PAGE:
Presentation on theme: "The When, How, and Where to of Trauma Screening, Assessment, and Referral."— Presentation transcript:
The When, How, and Where to of Trauma Screening, Assessment, and Referral
Primary prevention requires the provision of safe, nurturing relationships for all children. Attention to care giving system is essential
Secondary prevention requires: Early identification of young children and youth who are exposed to traumatic events Timely effective intervention to create or reestablish safety and self-regulation Minimize lasting physiological and psychological harm
Pre-event functioning Previous traumatic experience Previous psychological condition Period of post event return to baseline Age: both ends of the spectrum Perceived threat to self or family Lack of resources Initial response to the event
Psychological Trauma Crisis Event Threat Perceptions Crisis Exposure Crisis Reactions Personal Vulnerability Assessment of Psychological Trauma
High levels of dissociation Flashbacks Nightmares Extreme withdrawal from others Difficulty returning to baseline Severity interferes with functioning May indicate need for additional support and services
Functional Screens Less on event or events more on impact of event Samples TSI Belief Scale (Traumatic Stress Institute, South Windsor, CT.) Primary Care PTSD Screen (PC-PTSD) (Prins, Oulmette, Kemerling et al., 2003) Event based Screens An Interview for Children: Traumatic Events Screening Inventory (TESI-C) (The Nat’l Ctr for PTSD, Dartmouth Child Trauma Research Group, 2008) Screening questions ▫a. Have you ever been in a situation when you thought that you might die or be seriously injured (hurt very badly?) ▫b Have you ever seen something terrible happen to someone else and you thought that the person might die or be seriously injured?
Ongoing relationship is central If we ask the question we ‘own the answer’ Knowing your community’s resources is essential Strategies for managing our response part of a trauma informed system
Assessment and treatment should be comprehensive w/ a team of caregivers and providers involved. Caregivers should be trained to recognize behavioral changes that may be associated with trauma due to communication issues and difficulty reporting.
Support and promote positive and stable relationships in the life of the child. Provide support and guidance to child’s family and caregivers. Manage professional and personal stress Trauma-informed child mental health practice mirrors well-established child mental health priorities.
Trauma Treatment should be phase oriented 1. Stabilization 2. Processing the effects of the trauma 3. Integration Child and Family Trauma Treatment Psychoeducation Family involvement Systems involvement Symbolic ways to tell the story Play therapy Expressive Arts therapies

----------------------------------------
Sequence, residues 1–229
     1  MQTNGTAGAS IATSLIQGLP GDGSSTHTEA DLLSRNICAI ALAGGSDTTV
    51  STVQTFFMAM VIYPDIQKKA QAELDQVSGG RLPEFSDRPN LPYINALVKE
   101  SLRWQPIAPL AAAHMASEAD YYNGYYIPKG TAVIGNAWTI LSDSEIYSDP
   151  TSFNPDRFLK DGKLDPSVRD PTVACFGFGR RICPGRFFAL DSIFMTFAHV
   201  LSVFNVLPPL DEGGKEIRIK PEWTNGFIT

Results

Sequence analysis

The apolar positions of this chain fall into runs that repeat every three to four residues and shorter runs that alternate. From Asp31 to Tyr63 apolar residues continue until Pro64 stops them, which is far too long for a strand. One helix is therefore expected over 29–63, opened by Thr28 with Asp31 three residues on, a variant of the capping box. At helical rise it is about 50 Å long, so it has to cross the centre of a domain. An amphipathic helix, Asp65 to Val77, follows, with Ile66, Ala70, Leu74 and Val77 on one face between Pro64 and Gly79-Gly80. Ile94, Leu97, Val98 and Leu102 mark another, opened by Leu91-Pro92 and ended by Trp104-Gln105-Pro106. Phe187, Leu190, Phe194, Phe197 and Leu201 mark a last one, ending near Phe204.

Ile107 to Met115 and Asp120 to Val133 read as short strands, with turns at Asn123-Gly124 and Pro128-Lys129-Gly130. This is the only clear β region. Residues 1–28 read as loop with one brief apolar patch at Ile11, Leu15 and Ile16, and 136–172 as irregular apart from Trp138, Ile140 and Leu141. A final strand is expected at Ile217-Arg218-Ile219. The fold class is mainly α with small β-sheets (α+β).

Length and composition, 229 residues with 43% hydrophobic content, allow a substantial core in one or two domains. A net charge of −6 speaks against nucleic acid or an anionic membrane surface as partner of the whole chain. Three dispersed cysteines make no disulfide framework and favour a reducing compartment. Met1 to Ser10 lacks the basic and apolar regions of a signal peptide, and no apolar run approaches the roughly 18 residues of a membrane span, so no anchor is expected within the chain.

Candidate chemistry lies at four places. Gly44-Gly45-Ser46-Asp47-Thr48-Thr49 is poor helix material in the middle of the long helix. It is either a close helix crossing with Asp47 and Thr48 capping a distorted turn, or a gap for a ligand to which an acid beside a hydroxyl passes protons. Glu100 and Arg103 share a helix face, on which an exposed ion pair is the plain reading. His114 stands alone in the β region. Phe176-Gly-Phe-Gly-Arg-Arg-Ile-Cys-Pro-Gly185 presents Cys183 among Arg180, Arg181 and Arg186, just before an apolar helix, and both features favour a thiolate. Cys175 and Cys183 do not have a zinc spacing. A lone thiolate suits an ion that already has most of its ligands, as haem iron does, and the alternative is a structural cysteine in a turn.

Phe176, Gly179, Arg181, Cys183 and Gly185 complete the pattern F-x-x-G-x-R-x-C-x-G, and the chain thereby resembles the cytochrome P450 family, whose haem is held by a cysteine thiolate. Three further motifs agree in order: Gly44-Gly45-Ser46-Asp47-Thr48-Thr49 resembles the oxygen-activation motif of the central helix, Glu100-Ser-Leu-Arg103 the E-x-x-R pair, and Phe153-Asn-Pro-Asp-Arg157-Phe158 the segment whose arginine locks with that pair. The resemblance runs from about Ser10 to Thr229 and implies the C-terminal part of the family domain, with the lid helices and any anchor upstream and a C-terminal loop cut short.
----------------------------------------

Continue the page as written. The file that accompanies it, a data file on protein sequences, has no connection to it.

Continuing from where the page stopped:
Managing Feelings (Recognizing, Modulating, Tolerating, Integrating) Inner Connection to Others Feeling worthy of life
C.L.E.A.R.E.D. Create something (food, art, photography….) Love your family, spouse, and pets and spend lots of time with them Exercise at least 3 times per week Avoid excess in anything (food, caffeine, alcohol, exercise, work…) Relax with a good book, and schedule “nothing” time Eat healthy food Dream about your goals and envision the future you want for yourself and your family
Women with co-occurring PTSD/Substance Abuse are more likely to have experienced childhood abuse. Men with co-occurring PTSD/Substance Abuse more frequently experienced crime and or war trauma. PTSD symptoms are often a trigger for substance abuse (self medication). Victims are more vulnerable to re-victimization when using substances ( Substance Abuse Treatment for Persons with Co-Occurring Disorders SAMHSA, 2005 )
75% of persons in substance abuse were victims of physical or sexual violence (SAMHSA, 2000). Dual diagnosis for PTSD and substance abuse ranges from 12-34% for men and 30-59% for women (Brown and Wolfe, 1994). 55-99% of Women with substance abuse problems report physical and/or sexual abuse histories. (Najavits et al., 1997).
PTSD symptoms may become worse with abstinence. Treatment outcomes are worse for people with PTSD and Substance Abuse than for other dual-diagnosis clients. Treatments that are effective for PTSD or substance abuse separately may not be advisable when the two issues co-occur. Stabilization phase only until sobriety is achieved
Figure 1. Attachment, self-regulation, and competency (ARC): A framework for intervention with complexly traumatized youth. Adapted from “Attachment, Self-Regulation, and Competency: A Comprehensive Framework for Intervention With Complexly Traumatized Youth. A Treatment Manual,” by K. Kinniburgh and M. Blaustein, 2005, p. 426. Copyright 2005 by authors. Reprinted with permission.Kinniburgh and M. Blaustein, 2005